Monday, September 21, 2009

Dental Care & Health

Many things are getting twisted, turned, re-routed and touted with ObamaCare. Some areas that have failed to get any attention whatsoever: dental plans.

Being a University student equates to excellent health insurance but with a crown that needed replacing (really, it happens at any age although about the time one needs reading glasses it appears to happen more frequently), I was unsure and this past week, I had to find out.

The temporary crown that got put in place "some" time ago, came loose. Thankfully, I can hop on over to the dental clinic on campus and have them fix it inexpensively. That got me thinking about how a bad tooth can and probably does, affect the other aspects of people's lives.

Simply doing a Google search on impact of poor dental care on health returned a blitz of entries. The one below is included in its entirety.

My question now is: ObamaCare going to include dental care as well? (No, I don't think so as everyone sees these as separate issues. However, I would say they are intertwined like DNA.)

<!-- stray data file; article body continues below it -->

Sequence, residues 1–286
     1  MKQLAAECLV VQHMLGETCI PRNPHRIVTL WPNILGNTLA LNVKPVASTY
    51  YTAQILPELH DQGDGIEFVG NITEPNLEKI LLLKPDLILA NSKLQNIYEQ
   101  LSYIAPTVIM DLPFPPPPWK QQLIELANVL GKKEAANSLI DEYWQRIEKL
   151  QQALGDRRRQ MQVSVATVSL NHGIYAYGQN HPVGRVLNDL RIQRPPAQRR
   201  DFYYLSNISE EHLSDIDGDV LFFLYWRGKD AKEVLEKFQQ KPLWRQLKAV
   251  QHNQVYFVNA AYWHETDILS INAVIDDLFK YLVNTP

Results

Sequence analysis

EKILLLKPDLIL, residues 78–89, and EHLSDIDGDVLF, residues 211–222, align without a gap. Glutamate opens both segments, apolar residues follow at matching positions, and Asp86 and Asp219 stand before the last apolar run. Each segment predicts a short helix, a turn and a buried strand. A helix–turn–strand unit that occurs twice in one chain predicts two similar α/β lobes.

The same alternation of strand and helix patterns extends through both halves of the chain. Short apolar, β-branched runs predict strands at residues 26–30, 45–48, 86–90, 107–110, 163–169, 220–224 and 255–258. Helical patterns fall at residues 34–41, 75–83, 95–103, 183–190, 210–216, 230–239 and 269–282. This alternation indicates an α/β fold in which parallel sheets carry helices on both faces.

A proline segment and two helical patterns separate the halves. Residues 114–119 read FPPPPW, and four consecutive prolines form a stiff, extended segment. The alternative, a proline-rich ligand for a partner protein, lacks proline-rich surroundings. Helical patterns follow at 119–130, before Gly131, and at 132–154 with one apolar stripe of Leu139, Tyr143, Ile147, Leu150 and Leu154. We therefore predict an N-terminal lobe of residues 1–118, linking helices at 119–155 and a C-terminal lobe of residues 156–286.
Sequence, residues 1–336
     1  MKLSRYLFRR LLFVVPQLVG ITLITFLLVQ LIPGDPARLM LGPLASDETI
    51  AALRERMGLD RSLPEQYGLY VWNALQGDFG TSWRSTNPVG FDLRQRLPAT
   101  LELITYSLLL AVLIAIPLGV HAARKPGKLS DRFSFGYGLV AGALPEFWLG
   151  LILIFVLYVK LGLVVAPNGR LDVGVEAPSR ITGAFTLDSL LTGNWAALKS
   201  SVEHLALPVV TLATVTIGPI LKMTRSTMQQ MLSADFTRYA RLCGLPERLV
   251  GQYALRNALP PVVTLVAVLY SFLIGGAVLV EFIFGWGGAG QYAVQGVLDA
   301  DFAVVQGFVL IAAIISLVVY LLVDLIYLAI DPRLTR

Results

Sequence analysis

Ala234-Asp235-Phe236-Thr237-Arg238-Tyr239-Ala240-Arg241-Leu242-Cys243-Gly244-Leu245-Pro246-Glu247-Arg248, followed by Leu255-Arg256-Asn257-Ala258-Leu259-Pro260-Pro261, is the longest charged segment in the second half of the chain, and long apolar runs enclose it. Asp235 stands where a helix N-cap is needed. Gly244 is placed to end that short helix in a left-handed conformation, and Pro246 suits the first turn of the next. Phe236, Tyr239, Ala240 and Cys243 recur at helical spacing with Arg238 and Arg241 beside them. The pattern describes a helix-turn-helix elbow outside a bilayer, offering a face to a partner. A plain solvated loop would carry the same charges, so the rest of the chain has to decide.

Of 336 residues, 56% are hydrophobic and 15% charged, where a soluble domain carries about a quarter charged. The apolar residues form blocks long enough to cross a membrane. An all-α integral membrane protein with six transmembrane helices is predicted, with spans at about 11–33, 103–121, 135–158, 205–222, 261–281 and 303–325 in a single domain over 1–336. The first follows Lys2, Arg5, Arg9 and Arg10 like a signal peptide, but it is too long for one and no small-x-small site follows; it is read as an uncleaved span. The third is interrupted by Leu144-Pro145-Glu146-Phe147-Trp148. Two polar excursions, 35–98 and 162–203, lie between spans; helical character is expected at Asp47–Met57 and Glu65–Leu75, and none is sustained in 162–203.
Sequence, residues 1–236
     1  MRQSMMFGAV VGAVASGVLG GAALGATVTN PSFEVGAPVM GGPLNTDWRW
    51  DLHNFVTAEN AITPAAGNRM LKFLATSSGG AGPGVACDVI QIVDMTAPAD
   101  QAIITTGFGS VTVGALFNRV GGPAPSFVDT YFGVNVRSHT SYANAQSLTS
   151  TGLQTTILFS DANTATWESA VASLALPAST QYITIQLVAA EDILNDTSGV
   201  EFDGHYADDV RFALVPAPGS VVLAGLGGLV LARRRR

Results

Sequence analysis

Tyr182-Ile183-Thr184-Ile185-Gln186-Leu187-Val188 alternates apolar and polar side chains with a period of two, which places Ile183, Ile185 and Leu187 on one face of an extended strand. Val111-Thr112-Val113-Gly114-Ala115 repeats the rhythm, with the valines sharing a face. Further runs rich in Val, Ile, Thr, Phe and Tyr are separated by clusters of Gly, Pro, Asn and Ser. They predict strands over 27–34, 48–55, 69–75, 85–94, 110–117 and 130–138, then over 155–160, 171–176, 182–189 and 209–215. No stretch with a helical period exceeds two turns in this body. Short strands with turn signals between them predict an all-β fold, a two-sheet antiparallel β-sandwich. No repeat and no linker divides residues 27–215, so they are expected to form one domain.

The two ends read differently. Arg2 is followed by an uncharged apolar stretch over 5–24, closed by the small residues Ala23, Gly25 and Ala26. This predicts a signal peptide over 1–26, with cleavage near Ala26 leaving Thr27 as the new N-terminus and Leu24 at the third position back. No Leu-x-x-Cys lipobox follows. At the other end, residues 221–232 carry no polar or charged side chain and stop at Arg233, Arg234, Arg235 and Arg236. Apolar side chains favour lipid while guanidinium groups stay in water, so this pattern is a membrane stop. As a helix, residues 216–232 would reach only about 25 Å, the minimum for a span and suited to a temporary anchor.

---------------------
Aug 20, 2007
Impact Of Poor Dental Health

by SirGan/Healthy Living

There’s no need to point out how much our teeth are important to us, to both our physical appearance and our overall health. Eyes may be the window to our soul, but dentists often say that our mouth is the window to our body's health. Almost every disease, in addition to other symptoms
, will also cause some change in our mouth. Sometimes the first sign of a disease shows up in your mouth. That’s why it is important to understand the connection between our oral health and our overall health.

Toothache – the most common symptom

Few of us have been so fortunate to never spend a sleepless night because of a toothache. Most people have a strange fear of dental work of any kind, and that’s why treatment often comes too late. In the end, the only solution in most cases is tooth extraction. Fortunately, the times are changing. When suffering from toothache, there are several options but only if you contact your dentist as soon as possible. Some of the most common procedures are dental filling, root canal, dental bridge, crown, or ultimately, tooth extraction. Today these treatments and procedures can be very comfortable, and teeth extractions are only done when necessary. There are also cosmetic improvements and dental implants available which may offer alternatives to traditional treatment.